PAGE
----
Many investors and analysts have attempted to find seasonal patterns in the stock market, even if they are rarely able to provide a coherent explanation for the nuggets uncovered by their data mining. But in fact, some seasonal trends can be explained by widespread winter-related depression, according to economist Mark Kamstra.
"It's natural for a large percentage of the population — 10, 20 percent even — to be somewhat or severely affected by seasonal depression. And so it struck us that it might impact investor behavior, because depression leads to anxiety and risk aversion, so if people become risk-averse in the fall, then they might rebalance portfolios, get out of equities, into safer asset like Treasurys," Kamstra, professor of finance at York University, said in an interview with CNBC's "Trading Nation."
Indeed, research has found that "even no-depressed people took fewer risks in the winter, and depressed people particularly took fewer risks in the winter. When we looked at equity exchanges around the world ... you see big swings in asset prices."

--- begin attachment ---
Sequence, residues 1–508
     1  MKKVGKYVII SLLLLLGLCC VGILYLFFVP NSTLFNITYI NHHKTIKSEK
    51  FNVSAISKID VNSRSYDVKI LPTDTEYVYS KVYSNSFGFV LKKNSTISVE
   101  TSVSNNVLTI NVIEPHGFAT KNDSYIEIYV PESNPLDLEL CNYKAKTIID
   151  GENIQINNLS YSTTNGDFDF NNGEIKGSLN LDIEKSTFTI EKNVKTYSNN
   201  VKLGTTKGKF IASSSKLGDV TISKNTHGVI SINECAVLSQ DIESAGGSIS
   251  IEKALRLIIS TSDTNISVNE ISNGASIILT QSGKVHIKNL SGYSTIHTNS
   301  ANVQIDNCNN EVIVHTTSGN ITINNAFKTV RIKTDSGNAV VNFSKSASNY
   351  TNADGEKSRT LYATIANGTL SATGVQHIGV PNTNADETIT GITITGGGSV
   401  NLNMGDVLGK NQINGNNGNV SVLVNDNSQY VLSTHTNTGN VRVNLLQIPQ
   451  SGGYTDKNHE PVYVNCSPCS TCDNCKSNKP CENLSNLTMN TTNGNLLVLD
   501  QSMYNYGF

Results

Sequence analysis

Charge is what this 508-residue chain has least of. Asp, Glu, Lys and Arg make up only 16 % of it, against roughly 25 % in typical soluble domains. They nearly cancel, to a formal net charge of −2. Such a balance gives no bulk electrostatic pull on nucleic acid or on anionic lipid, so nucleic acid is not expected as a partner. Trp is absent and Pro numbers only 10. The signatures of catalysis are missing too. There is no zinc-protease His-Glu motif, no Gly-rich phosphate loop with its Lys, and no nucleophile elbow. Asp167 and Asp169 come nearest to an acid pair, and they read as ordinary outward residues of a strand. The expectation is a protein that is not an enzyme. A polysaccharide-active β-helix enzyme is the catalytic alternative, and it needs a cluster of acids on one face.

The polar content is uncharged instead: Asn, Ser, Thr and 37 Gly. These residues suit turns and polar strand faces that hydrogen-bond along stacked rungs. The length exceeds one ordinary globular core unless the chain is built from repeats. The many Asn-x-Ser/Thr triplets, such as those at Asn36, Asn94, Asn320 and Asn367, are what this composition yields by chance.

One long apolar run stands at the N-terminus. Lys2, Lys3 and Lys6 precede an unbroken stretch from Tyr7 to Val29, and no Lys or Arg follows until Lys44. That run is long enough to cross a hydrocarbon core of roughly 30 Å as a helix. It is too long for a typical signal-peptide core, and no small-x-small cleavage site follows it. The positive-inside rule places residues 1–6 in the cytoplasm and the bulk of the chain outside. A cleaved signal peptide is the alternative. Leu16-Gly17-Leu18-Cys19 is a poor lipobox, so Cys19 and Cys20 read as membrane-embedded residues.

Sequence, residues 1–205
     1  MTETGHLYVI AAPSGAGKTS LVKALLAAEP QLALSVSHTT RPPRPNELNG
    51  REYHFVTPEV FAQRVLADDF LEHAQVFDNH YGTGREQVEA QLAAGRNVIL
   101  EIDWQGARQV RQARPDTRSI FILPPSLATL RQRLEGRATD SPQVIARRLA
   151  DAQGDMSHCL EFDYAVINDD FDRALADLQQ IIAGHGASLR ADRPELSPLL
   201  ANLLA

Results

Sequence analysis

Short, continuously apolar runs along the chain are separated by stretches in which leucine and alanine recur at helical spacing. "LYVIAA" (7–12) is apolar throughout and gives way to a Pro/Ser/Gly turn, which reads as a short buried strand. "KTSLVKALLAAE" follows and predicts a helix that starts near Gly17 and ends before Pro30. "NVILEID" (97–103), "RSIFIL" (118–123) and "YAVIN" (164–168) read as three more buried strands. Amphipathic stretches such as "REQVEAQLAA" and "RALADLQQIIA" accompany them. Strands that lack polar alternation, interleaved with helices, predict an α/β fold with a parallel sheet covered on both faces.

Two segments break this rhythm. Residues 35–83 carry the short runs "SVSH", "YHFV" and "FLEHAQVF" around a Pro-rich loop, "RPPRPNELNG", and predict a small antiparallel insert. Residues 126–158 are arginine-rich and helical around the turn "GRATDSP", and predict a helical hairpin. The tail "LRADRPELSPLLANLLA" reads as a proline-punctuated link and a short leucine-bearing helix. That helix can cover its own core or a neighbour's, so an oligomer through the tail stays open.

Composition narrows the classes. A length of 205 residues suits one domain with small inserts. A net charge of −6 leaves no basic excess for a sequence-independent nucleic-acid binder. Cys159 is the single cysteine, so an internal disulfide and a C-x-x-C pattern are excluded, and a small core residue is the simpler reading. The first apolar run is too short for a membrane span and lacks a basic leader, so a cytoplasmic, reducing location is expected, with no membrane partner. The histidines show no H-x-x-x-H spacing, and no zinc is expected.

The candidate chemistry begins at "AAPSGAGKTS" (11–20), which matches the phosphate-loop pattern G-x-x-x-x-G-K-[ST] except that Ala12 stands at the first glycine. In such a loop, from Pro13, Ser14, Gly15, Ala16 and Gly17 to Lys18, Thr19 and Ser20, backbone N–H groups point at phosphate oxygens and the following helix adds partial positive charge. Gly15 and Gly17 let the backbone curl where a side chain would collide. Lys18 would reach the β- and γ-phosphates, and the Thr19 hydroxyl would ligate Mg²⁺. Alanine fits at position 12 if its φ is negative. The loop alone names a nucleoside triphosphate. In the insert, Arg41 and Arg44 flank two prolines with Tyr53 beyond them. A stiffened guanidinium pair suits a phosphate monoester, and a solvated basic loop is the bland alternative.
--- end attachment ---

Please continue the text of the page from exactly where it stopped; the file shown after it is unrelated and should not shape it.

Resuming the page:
As might be expected, the size of the reaction to cold weather varied with how cold the weather is.
"The biggest [seasonal swings] we saw were in places like Sweden, and even in the U.S. and Canada and Europe we saw substantial swings, and opposing swings in the risk-free assets like Treasurys," added the economist, who has previously served at the Federal Reserve Bank of Atlanta.
Humorously, that could lead to a real advantage for those who aren't afflicted by seasonal depression.
"At the right price, other people will be willing to take on the risk, so assets change hands and prices change and I guess everybody's happy," he said.
Of course, "happy" is always a relative term.